IHON Application (for current students)

First-year students who did not start the International Honors (IHON) Program in the fall semester still have an opportunity to participate in honors at PLU. If admitted to IHON as a current student, you will take IHON 111 as your J-term course, then be right on track to take IHON 112 spring semester with all other first-year IHON students.

In order to be considered for the International Honors Program, complete the following form and personal essay. If you wish to share further thoughts regarding your interest in IHON, or international issues, offer these considerations in the text box found below.

Please contact Carmiña Palerm, Director of the International Honors Program, at palermca@plu.edu with any questions you may have.

J-term 2019 International Honors Program Application (for current students)

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Personal Essay
Select and answer one question each from Part A and Part B. Type your answers in a Word Document and attach below. You must include your full name and email address on the top left corner of your essay.

As you write, please keep in mind that faculty members are looking for essays that illustrate your critical thinking skills, which are a key component of the International Honors Program.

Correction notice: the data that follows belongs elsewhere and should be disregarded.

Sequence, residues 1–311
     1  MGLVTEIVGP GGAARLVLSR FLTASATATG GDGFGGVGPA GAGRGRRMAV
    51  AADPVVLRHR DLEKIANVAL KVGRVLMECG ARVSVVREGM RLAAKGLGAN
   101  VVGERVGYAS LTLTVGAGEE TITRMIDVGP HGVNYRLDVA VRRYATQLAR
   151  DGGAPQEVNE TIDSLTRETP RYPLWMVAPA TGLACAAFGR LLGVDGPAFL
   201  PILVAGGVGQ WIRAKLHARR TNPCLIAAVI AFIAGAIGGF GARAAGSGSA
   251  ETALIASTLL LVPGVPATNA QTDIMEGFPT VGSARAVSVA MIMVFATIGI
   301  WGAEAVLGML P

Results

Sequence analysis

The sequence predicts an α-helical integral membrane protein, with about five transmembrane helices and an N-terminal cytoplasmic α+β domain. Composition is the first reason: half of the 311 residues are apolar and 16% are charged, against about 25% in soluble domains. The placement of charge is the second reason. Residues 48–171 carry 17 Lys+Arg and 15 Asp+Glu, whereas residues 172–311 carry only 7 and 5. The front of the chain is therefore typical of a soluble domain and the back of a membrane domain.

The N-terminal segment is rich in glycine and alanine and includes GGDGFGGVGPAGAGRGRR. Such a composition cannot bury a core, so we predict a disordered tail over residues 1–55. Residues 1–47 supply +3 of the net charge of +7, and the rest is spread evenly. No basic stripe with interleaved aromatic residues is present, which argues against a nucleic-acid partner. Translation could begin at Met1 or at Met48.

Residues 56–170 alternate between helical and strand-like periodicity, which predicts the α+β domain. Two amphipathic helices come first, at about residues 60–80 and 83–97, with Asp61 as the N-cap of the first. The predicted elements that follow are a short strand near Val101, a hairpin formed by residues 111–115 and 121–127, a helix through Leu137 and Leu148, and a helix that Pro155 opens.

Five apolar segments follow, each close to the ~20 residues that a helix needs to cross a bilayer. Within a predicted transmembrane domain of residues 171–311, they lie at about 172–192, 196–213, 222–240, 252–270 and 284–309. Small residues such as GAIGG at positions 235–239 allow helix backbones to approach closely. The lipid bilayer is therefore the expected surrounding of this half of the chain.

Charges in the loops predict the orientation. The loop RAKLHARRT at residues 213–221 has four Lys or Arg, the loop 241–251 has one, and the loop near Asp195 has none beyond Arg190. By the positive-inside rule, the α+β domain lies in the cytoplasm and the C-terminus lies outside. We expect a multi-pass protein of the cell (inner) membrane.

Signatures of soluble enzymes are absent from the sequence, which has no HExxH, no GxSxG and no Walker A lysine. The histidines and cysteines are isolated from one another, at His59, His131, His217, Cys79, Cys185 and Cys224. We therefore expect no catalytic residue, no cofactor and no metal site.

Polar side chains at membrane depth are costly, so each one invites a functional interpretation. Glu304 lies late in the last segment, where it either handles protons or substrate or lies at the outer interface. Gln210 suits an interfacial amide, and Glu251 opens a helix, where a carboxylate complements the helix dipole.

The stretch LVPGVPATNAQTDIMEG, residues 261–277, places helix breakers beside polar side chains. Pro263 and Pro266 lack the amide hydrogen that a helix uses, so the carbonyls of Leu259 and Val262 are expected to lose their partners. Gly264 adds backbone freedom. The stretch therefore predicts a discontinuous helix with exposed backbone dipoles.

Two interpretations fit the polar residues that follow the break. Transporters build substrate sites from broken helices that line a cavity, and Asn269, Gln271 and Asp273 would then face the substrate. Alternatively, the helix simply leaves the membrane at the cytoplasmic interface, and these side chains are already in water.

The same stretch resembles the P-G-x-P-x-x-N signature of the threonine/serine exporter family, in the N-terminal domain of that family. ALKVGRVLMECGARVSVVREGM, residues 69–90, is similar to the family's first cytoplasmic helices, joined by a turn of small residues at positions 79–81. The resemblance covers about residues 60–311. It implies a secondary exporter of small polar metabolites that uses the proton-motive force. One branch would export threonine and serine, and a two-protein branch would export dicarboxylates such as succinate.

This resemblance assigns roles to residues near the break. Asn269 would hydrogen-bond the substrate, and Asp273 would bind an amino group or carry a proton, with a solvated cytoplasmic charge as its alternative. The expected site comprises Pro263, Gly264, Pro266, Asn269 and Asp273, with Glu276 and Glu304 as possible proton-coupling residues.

Part A: Answer one of the following two options in no more than 400 words.

1) Most of the classes you will take in the university focus on particular methods of learning about a topic: in economics, you will use economic methods; in history, historical methods. The International Honors Program (IHON) is different. In IHON, you will explore topics and questions using a variety of different methods, and see these topics through a variety of perspectives, such as through the lens of different cultures and times (the England of Shakespeare's time, Aztec Mexico, ancient Mesopotamia), and different media (art, literature, historical documents, philosophical writings, music, religious writings). Please explain why this approach to learning would appeal to you.

2) We often associate patience, persistence, commitment and the willingness to take risks with physical activities like mountain climbing or epic hikes -- but rarely with intellectual pursuits. In the International Honors Program, however, you will be required to sit with books for a long time, persist in reading them even when they might not at first make sense, and risk your own ideas in discussions.
Consider an instance when you have had to exhibit one of these qualities -- patience, persistence, commitment, or the willingness to take risks -- in an intellectual pursuit like reading, writing, composing, thinking, or speaking. (Alternately, consider an instance in which you feel you exhibited insufficient patience, persistence, or commitment, or found that you were unwilling to take a risk.) Describe that experience and reflect on what it might have taught you.

Part B: Select one of the following three options and answer it in no more than 400 words.

1) Teh brian hs eth pacacity to order find inwith dsordr. Describe a time when you found order within disorder.

2) What international or historical mystery do you not want solved?

3) What role do emotions have in scientific research?

Additional Information

Please offer any additional thoughts you wish to have considered by the Honors Program selection committee. In particular, what in your background or future plans draws you to this program?

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